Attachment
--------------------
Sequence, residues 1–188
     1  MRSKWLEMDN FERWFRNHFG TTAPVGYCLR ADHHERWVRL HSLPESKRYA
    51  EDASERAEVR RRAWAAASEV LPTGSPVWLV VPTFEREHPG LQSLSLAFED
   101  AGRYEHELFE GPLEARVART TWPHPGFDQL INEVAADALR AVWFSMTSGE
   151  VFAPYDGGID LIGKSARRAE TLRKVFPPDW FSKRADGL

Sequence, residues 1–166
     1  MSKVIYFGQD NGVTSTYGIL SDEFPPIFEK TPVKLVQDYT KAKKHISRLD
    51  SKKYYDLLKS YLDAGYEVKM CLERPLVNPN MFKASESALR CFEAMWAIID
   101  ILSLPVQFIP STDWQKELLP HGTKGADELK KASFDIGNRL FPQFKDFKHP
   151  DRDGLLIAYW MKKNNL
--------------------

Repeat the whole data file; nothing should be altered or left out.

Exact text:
Sequence, residues 1–188
     1  MRSKWLEMDN FERWFRNHFG TTAPVGYCLR ADHHERWVRL HSLPESKRYA
    51  EDASERAEVR RRAWAAASEV LPTGSPVWLV VPTFEREHPG LQSLSLAFED
   101  AGRYEHELFE GPLEARVART TWPHPGFDQL INEVAADALR AVWFSMTSGE
   151  VFAPYDGGID LIGKSARRAE TLRKVFPPDW FSKRADGL

Sequence, residues 1–166
     1  MSKVIYFGQD NGVTSTYGIL SDEFPPIFEK TPVKLVQDYT KAKKHISRLD
    51  SKKYYDLLKS YLDAGYEVKM CLERPLVNPN MFKASESALR CFEAMWAIID
   101  ILSLPVQFIP STDWQKELLP HGTKGADELK KASFDIGNRL FPQFKDFKHP
   151  DRDGLLIAYW MKKNNL